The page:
Can Obama Use the Campaign Against ISIS to His Political Advantage? Probably Not.

Unlike for Bush in 2002, there's little electoral upside for the president in the security issue.

The White House offered behind-the-scenes reassurance to the press this week that President Obama will not try to make political use of the military campaign against the Islamic State terrorists. It is a pledge that draws an implied contrast with President George W. Bush's use of 9/11 in the 2002 midterm elections. But it could rank as an especially inconsequential campaign promise.

The hard political fact is that there really is no political advantage for the president in his decision to lead an international coalition to "degrade and ultimately destroy" the terrorists in the Islamic State of Iraq and Syria who so shocked Americans with their brutal beheadings of two American journalists. It is hard to see any potential for this to become any kind of game-changer in this year's elections—even if the White House wanted to exploit it for political gain.

If anything, the president could find Democrats in an even deeper political hole because his use of force could alienate the women and progressives who are the party's base. Instead of bringing more of them to the polls, the American intervention in what the president concedes is "somebody else's civil war" could keep more of them at home on Election Day. "It has helped the president with people who won't vote for him anyway—Republicans. And it has hurt the president with people he counts as his base—the antiwar Left," said Bush's former press secretary Ari Fleischer. "So take it at face value that the administration is not going to use it politically. Because they can't. There is nothing there for them to use."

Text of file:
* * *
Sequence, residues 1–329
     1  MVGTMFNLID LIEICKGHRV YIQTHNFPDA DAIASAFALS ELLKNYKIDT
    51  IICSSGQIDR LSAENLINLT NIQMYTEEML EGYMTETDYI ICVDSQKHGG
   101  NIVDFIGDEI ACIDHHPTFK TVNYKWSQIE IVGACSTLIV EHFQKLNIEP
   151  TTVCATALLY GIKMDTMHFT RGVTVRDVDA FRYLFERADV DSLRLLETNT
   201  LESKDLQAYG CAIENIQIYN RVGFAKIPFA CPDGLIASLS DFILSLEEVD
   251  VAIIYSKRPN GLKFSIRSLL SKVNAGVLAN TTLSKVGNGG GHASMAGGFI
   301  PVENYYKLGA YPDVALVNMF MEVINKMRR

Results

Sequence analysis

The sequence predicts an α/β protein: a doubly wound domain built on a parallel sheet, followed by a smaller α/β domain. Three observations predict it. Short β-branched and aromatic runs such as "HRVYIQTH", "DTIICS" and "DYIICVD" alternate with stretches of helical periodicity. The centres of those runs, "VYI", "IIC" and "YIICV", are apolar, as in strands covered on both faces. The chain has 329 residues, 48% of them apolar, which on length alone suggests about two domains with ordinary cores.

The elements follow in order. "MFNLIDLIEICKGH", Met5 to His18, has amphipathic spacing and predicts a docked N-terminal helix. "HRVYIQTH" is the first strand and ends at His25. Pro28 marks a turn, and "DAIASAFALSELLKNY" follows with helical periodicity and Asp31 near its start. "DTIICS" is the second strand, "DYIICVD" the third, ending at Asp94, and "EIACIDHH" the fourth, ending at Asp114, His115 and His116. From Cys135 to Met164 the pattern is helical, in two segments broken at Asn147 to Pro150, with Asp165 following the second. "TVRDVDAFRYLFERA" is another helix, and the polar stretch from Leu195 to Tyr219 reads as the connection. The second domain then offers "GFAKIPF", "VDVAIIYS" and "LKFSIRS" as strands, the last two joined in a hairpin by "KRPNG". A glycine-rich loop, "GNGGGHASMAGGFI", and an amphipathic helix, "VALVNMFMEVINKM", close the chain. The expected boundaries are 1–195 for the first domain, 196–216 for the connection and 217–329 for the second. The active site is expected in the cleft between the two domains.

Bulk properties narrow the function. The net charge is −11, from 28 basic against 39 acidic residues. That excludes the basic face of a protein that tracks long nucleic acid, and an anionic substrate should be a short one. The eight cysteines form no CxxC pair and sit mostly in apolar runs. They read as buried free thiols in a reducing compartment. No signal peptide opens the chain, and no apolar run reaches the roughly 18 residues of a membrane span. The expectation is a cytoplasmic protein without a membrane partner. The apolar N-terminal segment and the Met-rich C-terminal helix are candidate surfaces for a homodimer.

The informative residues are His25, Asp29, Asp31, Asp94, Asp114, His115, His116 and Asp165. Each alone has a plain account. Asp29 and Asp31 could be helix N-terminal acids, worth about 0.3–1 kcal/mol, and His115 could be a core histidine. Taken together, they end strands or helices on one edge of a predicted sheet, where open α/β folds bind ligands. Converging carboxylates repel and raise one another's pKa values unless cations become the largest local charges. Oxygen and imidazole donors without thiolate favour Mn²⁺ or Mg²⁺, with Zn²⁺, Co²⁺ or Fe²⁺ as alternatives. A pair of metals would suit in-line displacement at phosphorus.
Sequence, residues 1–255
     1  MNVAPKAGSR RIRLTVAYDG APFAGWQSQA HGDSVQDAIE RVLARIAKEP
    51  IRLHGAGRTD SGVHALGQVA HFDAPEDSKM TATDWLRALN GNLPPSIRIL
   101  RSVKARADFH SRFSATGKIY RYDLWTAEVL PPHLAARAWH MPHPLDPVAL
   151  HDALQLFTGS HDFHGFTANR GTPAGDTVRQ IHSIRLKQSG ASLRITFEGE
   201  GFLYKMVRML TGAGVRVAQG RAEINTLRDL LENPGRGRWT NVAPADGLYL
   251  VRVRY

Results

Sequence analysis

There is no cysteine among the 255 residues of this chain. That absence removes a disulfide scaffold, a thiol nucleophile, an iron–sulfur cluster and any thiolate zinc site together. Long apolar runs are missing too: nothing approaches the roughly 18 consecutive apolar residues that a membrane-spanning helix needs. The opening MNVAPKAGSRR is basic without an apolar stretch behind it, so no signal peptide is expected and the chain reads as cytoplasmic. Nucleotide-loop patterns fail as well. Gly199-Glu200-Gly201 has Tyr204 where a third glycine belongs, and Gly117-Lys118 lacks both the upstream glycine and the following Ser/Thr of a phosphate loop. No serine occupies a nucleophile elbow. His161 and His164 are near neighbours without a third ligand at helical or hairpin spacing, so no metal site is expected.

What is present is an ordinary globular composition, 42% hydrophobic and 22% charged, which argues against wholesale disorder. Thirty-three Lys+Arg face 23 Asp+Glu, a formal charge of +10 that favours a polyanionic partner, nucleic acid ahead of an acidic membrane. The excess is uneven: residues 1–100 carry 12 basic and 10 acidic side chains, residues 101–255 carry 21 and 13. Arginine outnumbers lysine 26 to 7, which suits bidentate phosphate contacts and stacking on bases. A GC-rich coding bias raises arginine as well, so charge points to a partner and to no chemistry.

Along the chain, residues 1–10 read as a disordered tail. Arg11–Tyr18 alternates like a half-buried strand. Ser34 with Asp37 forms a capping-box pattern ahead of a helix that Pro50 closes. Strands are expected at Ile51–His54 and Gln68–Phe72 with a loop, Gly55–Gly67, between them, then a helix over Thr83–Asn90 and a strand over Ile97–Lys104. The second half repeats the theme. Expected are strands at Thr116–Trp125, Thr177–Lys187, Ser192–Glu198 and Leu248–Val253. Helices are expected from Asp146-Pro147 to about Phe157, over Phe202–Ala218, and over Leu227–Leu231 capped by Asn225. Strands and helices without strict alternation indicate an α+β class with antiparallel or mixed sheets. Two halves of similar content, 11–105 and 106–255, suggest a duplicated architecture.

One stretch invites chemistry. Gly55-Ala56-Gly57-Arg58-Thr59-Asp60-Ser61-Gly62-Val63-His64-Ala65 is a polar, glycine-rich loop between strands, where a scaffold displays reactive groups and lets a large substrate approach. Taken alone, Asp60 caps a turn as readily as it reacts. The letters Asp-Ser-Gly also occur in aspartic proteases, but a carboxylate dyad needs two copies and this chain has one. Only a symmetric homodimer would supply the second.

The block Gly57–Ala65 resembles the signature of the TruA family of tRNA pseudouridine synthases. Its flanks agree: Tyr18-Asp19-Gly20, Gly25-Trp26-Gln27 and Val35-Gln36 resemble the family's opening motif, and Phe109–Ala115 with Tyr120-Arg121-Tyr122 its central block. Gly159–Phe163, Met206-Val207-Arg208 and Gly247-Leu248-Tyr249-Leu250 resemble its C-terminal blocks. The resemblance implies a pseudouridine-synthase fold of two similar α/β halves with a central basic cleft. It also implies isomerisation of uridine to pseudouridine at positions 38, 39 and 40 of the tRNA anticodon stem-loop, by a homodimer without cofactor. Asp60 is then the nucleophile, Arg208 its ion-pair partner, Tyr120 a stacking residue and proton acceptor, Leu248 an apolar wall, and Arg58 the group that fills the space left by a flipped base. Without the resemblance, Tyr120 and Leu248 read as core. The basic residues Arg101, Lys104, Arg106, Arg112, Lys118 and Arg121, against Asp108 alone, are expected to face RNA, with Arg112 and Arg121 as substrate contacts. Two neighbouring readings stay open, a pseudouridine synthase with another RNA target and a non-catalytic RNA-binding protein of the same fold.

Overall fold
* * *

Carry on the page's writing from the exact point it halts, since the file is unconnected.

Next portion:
The initial polling backs up Fleischer's assessment. "What we saw in our poll over the weekend was Democrats have a lot of reservations," said Carroll Doherty, director of political research at the Pew Research Center. "Sixty percent approve of the mission, but Democrats are worried that we'll get too involved. Sixty-four percent of them approve of this plan, but Republicans say their bigger concern is that we will not go far enough." It is, said Doherty, "a really stark difference" that helps explain why there is no clear political boost for Democrats.

Particularly worrisome to Democrats is the sharp difference between men and women in their support for the president's decision. A heavy turnout of women is critical to any hopes for Democratic success. But only 44 percent of women approve of U.S. military action in Syria or Iraq, while 33 percent disapprove. This contrasts with the 62 percent of men who approve, versus 25 percent against, according to Pew's poll taken Sept. 11-14. The youngest voters, those aged 18 to 29, are similarly conflicted about the military action, supporting it by only 43 percent with 37 percent opposed—by far the lowest approval rate of any age group.

History also suggests that it would be very difficult for Obama to effectively use the ISIS military campaign to change the dynamics of this year's election. In the 17 midterm elections since World War II, only twice have presidential military decisions reshaped the electoral dynamics.